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Transmission Plug Stripped / Pan Replacement

Discussion in '1st Gen Tundras (2000-2006)' started by DarkMint, Apr 3, 2022.

  1. Apr 3, 2022 at 3:56 PM
    #1
    DarkMint

    DarkMint [OP] just gettin by

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    When attempting to do my 2nd transmission fluid drain and fill, I couldn't get past the first stage of the procedure: removing the drain plug. I took a 14mm wrench and attempted to unscrew it, it began moving with just a little arm pressure, I expected that. However, I found that when I continued to turn the bolt it wasn't "coming out" of the threads. The bolt is having intermittent times when it feels "loose" and then will "tighten" again, and it's just not coming out.

    Attempting to tighten it back up is yielding the same results. Same plug loosening and tightening behavior as when I was trying to loosen it out.

    Trans fluid is not leaking out more than a tiny bit when the plug is in its "loose" position. I've turned it to be "tight" on there hopefully to prevent leaks.

    The last transmission drain/fill was done by me, I'm pretty sure I tightened it to 15 ft/lbs considering it didn't take much effort to start moving the plug by wrench.

    1) Is this a stripped transmission plug or some weird gasket issue with the plug gasket catching on plug threads?
    2) How did this happen?
    3) Is this safe to drive on if it's not actively dripping but not technically torqued down?
     
  2. Apr 3, 2022 at 4:00 PM
    #2
    assassin10000

    assassin10000 New Member

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    If not leaking, it's not a problem to drive.


    You'll probably want to drop the pan and fix the threads. Either by re-threading (thread chase), drilling and tapping the next size up or removing the old threaded section and welding a new one on.

    Or just get another trans pan. Depends on your tool/skill sets.
     
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  3. Apr 3, 2022 at 5:12 PM
    #3
    SouthPaw

    SouthPaw The headlight guy

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    I’d be watching it very closely. That thing could vibrate loose and you wouldn’t know it until it’s too late.

    I had a motorcycle oil drain plug do the same. The PO must have tightened the plug to 150lb because when I removed it, it came out along with all the threads.. lol. I removed pan and used a oversized drain plug. They sell self tapping oversized drain plugs but I opted to use a tap since the pan was off already. Worked like a charm.
     
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  4. Apr 3, 2022 at 5:41 PM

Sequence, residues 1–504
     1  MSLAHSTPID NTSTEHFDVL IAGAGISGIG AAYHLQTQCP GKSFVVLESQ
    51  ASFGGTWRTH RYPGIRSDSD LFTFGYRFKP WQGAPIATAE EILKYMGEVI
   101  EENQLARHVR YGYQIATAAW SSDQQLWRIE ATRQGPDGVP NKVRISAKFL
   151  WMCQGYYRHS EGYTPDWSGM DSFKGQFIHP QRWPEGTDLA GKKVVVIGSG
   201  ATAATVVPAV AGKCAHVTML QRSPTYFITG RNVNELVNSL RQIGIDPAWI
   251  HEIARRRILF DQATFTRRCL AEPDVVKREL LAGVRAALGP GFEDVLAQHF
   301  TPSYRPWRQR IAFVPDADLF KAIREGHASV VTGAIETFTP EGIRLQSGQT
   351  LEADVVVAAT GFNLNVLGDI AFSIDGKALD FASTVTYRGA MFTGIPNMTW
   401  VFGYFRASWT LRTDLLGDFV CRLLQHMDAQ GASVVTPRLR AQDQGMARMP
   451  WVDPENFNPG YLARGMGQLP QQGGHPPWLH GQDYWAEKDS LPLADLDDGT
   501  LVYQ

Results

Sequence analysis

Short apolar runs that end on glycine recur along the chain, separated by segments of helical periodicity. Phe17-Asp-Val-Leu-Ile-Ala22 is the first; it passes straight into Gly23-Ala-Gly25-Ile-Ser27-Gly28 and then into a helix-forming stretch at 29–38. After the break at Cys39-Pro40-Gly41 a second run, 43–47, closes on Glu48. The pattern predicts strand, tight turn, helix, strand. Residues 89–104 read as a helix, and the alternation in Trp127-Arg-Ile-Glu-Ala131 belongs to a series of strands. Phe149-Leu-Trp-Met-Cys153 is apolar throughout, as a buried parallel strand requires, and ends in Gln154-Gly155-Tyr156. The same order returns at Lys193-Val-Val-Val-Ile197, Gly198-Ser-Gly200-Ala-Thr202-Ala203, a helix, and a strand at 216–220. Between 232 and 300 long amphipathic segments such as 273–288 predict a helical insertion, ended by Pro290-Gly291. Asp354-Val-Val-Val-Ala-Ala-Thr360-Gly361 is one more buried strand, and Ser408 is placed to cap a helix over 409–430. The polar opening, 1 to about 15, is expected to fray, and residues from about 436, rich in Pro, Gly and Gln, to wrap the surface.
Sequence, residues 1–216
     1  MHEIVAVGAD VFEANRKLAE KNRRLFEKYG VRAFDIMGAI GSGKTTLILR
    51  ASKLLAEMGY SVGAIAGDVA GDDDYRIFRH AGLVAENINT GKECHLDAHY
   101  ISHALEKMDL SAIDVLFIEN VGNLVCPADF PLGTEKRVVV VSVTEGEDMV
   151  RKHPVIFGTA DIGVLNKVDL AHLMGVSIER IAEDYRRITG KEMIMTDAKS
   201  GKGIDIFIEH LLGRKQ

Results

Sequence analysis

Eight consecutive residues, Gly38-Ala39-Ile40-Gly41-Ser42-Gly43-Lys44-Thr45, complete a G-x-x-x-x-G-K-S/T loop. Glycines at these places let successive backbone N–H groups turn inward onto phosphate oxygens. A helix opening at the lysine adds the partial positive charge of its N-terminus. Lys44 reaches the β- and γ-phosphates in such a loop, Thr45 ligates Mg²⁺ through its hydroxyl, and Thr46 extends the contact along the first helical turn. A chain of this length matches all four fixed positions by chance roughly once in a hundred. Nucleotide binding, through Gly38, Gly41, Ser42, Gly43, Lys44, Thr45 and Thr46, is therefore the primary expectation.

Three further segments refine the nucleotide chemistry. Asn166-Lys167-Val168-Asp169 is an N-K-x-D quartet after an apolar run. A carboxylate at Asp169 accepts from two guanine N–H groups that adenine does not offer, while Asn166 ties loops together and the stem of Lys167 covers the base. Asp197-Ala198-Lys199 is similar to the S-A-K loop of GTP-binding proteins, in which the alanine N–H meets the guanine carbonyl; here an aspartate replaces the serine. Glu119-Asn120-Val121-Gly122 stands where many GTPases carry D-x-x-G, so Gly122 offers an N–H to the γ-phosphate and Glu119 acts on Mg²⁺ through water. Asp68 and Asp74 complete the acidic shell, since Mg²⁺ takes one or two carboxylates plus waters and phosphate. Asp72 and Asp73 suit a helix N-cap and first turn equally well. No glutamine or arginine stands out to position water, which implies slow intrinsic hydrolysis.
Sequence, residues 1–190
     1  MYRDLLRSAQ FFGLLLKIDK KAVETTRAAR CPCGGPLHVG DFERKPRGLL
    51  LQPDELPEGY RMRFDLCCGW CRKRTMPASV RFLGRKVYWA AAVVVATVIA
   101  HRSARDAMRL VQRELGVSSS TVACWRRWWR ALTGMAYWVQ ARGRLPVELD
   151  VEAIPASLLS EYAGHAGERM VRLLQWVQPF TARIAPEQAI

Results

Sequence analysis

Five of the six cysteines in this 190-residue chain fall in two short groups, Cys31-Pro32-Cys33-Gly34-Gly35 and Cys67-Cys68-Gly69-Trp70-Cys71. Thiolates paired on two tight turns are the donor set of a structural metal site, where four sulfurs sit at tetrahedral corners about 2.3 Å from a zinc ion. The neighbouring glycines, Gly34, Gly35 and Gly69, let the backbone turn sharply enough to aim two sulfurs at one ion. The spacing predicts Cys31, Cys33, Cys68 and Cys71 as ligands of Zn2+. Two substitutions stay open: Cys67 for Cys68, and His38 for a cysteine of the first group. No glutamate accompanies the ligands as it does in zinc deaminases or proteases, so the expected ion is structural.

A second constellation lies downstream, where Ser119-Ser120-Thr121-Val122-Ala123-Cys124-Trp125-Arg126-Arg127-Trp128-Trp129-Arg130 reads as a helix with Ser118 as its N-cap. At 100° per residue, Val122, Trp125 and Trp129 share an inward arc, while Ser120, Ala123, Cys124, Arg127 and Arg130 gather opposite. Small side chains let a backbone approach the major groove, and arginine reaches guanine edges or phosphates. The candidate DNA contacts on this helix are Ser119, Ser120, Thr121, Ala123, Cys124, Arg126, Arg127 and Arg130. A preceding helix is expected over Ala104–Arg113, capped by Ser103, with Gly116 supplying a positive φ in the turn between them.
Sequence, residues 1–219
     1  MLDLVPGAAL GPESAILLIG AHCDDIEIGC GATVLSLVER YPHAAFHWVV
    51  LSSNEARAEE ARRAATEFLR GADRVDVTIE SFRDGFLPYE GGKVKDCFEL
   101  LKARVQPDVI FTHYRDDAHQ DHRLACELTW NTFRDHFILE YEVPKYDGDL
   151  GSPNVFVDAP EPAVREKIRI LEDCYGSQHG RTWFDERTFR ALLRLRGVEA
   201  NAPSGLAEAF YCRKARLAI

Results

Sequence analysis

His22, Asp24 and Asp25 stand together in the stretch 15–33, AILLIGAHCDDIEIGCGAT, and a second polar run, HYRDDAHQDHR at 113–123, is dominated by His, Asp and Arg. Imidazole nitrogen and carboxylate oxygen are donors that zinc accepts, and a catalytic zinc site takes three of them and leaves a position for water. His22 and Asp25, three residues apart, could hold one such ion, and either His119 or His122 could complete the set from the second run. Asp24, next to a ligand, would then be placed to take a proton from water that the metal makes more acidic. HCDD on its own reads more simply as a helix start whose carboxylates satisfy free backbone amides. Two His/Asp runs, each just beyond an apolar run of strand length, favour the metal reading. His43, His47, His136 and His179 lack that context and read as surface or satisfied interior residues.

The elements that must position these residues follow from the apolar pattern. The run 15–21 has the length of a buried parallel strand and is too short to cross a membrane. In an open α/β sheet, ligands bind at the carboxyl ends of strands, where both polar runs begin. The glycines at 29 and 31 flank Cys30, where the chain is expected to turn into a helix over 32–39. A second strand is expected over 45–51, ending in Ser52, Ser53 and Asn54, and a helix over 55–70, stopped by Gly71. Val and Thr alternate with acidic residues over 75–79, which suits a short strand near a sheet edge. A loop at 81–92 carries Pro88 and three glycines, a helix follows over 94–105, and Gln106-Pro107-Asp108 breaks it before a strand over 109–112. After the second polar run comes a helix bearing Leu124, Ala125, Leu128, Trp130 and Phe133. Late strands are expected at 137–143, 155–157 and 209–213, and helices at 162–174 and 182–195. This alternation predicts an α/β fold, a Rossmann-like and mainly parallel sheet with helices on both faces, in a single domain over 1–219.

#4
    Tundra2

    Tundra2 Zoinked

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  5. Apr 3, 2022 at 5:50 PM
    #5
    Jack McCarthy

    Jack McCarthy Navigating the luminiferous ether to see the light

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    This happened to me once but I didn’t reuse the plug to tighten, I instead bought a new plug and gasket and was able to rethread it with new plug thankfully. Alternative is to tap a slightly larger bolt hole and use an alternative larger plug. Hopefully one still small enough to fit the crush gasket.

    I have no idea what caused it as I’m pretty careful and only tighten it enough to crush the gasket and get it hand snug tight.
     
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  6. Apr 3, 2022 at 6:50 PM
    #6
    FirstGenVol

    FirstGenVol "Fake Wrencher"

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    Happened to me and I had to replace the pan. Still not entirely sure what happened. When I did the previous drain and fill I remember it felt off when I was tightening the drain plug but I used a torque wrench. Fast forward to the next time and it would do exactly like you described. It would act like it was tightening and then get loose, rinse, repeat. Eventually I realized it was toast. The strange part is that I could never unscrew it. No matter how much I loosened, it never came out.

    I wouldn't feel great about driving it like this. You may have to replace the pan like I did unfortunately. It's not too difficult but it is tedious. If you end up having to do this let me know. I found a great tutorial.
     
  7. Apr 4, 2022 at 4:38 AM
    #7
    NetGnome

    NetGnome New Member

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    Try hitting the plug with a hammer to loosen up threads and then try to remove it.
     
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  8. Apr 4, 2022 at 1:40 PM
    #8
    DarkMint

    DarkMint [OP] just gettin by

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    Yeah this bugger is toast... Whacking it with a hammer didn't work, sticking a knife between the plug head and pan surface and prying while turning didn't work. Looks like I'm gonna need a new pan. I've never tapped or rethreaded anything before.

    Long shot but does anyone out there make a better trans pan to minimize this from happening? I think it's the shitty threads in the pan itself that cause this problem.
     
    Last edited: Apr 4, 2022
  9. Apr 4, 2022 at 1:41 PM
    #9
    DarkMint

    DarkMint [OP] just gettin by